Conserving energy is elementary
June 11, 2013
WEIDEN, Germany -- It's been nearly three years since U.S. Army Garrison Grafenwoehr instituted the Net Zero program with a goal of consuming only as much energy or water as the garrison is able to produce, as well as eliminating the need for landfills.
And as the garrison continues to achieve greater self-reliance, one spunky 9-year-old is following suit.
Tucker Boyle has always been interested in science; it's one of his favorite subjects. A third-grader at Grafenwoehr Elementary School, he is no stranger to science fairs, starting long ago in the first grade with a project on the musical concords of Louis Armstrong.
This year, however, was different.
"I wanted to do something more creative," said Boyle. "But I wanted it to make a difference."
So Boyle concentrated his efforts on saving energy. For a week he monitored his family's energy and water intake in their home in Weiden and then set up ground rules for conservation.
"Our goal was to cut our intake by 50 percent the following week," said Boyle.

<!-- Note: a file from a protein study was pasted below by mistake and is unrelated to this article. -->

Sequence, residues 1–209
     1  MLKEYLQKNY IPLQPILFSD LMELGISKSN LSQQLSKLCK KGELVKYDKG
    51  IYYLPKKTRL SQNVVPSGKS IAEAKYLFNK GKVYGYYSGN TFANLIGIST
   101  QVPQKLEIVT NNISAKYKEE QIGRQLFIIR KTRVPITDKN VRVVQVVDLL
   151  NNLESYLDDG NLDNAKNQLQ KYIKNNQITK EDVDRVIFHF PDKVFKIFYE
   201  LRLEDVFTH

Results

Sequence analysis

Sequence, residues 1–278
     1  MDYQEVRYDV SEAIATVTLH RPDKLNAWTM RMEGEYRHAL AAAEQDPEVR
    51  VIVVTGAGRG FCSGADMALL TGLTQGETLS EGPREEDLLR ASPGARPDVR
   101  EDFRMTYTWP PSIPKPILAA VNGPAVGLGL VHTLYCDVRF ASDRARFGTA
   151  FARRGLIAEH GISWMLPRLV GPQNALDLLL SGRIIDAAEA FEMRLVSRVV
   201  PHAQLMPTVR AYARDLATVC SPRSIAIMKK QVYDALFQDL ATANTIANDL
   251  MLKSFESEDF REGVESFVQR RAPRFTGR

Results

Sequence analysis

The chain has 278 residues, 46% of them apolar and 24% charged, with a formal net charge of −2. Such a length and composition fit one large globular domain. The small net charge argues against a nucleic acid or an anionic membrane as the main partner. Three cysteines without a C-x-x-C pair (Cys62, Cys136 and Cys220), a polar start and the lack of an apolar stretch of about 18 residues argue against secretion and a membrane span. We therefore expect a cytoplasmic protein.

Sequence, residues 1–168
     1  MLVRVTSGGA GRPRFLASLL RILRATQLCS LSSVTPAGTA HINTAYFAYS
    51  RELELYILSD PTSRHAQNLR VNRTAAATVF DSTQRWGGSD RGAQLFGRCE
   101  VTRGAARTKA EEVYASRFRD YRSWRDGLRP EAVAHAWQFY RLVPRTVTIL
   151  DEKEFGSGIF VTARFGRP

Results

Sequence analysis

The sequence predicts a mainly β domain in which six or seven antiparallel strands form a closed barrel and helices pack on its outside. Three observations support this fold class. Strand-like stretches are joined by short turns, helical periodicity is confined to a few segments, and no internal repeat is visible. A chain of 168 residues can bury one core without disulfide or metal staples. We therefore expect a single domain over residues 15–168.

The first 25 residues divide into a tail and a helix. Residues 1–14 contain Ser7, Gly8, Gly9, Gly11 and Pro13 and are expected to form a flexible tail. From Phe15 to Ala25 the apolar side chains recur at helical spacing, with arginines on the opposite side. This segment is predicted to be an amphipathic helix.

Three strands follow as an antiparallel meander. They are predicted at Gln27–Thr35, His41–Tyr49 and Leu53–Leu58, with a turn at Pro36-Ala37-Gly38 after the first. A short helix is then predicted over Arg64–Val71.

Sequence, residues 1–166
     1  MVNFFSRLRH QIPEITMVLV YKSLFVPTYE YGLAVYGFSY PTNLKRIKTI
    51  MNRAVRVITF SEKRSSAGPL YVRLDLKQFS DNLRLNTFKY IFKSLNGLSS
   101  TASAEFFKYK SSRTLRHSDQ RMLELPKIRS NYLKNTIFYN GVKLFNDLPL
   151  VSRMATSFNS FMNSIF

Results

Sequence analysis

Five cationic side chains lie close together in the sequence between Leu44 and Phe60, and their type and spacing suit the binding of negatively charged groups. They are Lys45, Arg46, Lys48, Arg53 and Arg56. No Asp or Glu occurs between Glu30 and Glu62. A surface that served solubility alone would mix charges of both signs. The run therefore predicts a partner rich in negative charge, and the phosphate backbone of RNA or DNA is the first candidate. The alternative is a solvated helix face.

After implementing a three-minute pare on daily showers, Boyle set up shop outside the bathroom door with a stopwatch, alarming his family members when their time was nearing.
He ran through the house each morning before school turning off lights and unplugging appliances, and chastised his older brother for leaving his game system on. And with such austerity in place, the dial on the space heaters never dared to inch past the number two.
"We needed to work together to save more," explained Boyle.
After the week was over, Boyle failed to meet his hypotheses. However, the Boyle family did manage to cut their intake by 30 percent.
"I think 50 percent may have been too ambitious," he admitted.
Regardless, Boyle did achieve another goal -- to change the habits of those around him. And while the science fair has come on gone, his stewardship remains.
Boyle continues to strive to live with environmental compassion and encourages others to do the same.
"Say that you just moved here you start to spend a lot of energy - you think you can spend as much as you want because you're not paying for it," said Boyle. "If you do that, you're wasting energy and the military's money and we can't do really good stuff if you waste their money."
Boyle admitted living "green" isn't always easy, but the rewards far outweigh the efforts.
"It's good for us and it's good for the environment," he said.
Boyle said he learned a lot during this experiment, which he captured daily with notes his journal; a journal he promptly recycled as the project concluded.